Helping KSDS pups acclimate to the world around them actually begins within days after birth. “We have TVs playing,” Matlack says. “We weigh them, touch their paws and tummies to see how they might react and introduce them to common scents such as lavender or vanilla.”
“It’s a sensory kind of training,” Keller says. “As you’re holding these dogs you’ll play with their ears or put a finger in their mouths.” New activities may include nail trimming and being around cats; dealing with somebody wearing a hat or mask; or taking car rides.
Members of the public may become involved from the moment that KSDS announces a new litter has been born on its web site. Individuals help to create a theme for naming each litter and each pup within that group — such as the litter called "Nuts," with each pup receiving the name of an individual nut.
Because exposure to multiple ages, voices ,and genders is important to help acclimate the puppies, the public may also assist with socialization, beginning at five weeks. Volunteers may interact with puppies around vacuum cleaners and walkers, canes and wheelchairs. They may teach pups to sit, lie down, and walk easily on a leash. In addition, the dogs walk on grass, concrete, gravel, or rocks — including near the highway.
At eight weeks puppy raisers take the dogs home to work with them. They avoid public spaces until these dogs are four months old, to alleviate the threat of rabies or other health issues. The public may also adopt Career Change Dogs at no charge (donations appreciated) after they retire or because they aren’t suited to "work for a living."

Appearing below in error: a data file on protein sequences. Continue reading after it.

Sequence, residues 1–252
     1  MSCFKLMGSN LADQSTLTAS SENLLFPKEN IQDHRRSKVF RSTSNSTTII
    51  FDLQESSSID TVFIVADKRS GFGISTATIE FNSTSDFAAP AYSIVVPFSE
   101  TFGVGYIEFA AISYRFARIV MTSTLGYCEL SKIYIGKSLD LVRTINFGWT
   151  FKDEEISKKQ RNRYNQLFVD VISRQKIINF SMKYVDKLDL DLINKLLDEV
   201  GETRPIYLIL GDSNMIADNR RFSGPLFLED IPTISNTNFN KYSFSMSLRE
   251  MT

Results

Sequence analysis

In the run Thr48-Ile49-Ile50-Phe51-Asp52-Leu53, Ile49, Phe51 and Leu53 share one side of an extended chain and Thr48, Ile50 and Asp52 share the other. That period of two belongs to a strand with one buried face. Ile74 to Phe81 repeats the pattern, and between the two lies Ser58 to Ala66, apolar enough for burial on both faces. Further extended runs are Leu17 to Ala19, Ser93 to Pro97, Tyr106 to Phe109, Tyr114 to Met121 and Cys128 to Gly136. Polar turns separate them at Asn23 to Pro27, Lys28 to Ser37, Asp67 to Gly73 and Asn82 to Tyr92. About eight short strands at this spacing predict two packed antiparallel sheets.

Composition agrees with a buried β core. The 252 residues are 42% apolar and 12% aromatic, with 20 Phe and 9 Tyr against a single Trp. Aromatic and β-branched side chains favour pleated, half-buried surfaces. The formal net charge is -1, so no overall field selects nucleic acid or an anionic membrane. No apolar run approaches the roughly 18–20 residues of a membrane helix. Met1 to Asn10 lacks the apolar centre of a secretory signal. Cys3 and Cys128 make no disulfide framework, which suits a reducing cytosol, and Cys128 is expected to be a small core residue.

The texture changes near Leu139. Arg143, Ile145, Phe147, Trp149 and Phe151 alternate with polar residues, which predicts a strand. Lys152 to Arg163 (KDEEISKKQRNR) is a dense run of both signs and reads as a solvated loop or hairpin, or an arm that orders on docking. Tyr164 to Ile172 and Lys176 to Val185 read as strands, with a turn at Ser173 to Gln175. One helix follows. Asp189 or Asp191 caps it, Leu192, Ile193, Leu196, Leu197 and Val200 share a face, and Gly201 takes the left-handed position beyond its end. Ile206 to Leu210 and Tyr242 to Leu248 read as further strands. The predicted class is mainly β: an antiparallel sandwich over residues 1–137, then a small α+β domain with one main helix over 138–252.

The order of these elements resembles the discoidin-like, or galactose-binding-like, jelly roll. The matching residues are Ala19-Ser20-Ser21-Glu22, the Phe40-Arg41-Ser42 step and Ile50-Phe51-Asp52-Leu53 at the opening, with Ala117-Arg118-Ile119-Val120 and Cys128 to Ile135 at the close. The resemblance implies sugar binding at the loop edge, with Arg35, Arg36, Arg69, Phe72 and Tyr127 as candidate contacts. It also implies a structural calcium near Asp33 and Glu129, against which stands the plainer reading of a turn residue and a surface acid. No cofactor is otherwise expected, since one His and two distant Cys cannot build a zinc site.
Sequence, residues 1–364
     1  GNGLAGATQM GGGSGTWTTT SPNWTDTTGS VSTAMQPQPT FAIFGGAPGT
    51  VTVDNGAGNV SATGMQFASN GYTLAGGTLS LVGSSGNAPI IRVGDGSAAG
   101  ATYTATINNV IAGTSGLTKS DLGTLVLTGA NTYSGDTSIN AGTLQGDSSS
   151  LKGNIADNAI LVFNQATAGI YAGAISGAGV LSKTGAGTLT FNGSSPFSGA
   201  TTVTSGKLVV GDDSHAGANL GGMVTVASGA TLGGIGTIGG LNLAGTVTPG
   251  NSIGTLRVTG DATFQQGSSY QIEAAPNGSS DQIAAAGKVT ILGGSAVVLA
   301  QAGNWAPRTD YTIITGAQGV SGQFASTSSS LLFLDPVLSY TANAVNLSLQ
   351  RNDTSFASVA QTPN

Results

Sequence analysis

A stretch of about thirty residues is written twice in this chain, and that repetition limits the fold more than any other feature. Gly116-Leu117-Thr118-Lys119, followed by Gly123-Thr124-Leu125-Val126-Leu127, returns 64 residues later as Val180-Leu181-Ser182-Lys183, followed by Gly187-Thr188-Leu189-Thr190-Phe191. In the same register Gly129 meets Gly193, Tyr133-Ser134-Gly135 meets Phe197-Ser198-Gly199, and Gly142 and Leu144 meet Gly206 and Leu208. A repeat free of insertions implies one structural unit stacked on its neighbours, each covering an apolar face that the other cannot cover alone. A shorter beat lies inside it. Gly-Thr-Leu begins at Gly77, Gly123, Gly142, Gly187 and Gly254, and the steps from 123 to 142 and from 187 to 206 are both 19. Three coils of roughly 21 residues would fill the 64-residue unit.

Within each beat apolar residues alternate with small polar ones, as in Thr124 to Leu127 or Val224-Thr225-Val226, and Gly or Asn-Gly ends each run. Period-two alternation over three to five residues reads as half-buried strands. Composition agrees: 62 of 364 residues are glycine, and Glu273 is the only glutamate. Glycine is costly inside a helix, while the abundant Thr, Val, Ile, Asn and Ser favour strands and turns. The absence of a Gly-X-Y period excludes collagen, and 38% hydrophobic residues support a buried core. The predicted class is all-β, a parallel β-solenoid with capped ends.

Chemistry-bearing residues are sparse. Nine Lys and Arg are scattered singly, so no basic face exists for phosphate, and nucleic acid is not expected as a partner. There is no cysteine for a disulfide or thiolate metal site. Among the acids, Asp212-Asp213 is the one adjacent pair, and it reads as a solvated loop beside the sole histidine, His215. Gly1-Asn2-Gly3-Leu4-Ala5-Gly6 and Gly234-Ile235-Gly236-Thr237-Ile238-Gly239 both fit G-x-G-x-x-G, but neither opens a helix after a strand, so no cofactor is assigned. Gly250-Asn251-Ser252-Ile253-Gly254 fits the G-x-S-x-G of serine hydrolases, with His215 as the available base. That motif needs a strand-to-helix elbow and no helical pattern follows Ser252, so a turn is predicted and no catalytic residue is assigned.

Since March 1996, KSDS has also worked with female inmates at Topeka Correctional Facility (TCF) through its Pooches and Pals program. “KSDS has worked there for 20 years,” Keller says. “Our trainers go in and teach the [inmate] trainers on methods to use.”
Typically about one year old, dogs in this program may not be progressing or maturing as well as anticipated, so inmates work one-on-one with each animal.
“These dogs change lives at the prison, too,” Keller says. One lady who worked with the dogs even asked for a KSDS recommendation upon her release.
Puppies who have received outside training return to KSDS at 18 to 20 months of age. After temperament assessments take place, the Veterinary Health Center at Kansas State University conducts complete physical evaluations for each pup. Each dog is then designated and trained for Guide, Service, or Facility Training duties.
By the end of training, each new owner must provide effective commands and exert adequate control of their dog. Owners must also pass the KSDS Assistance Dog skills and the ADI Public Access Test and demonstrate they can provide safe, loving homes, while addressing all their dog’s needs. Between 24 and 30 months of age, dogs go home with their prospective owners. KSDS also offers ongoing training support once dogs and owners return home.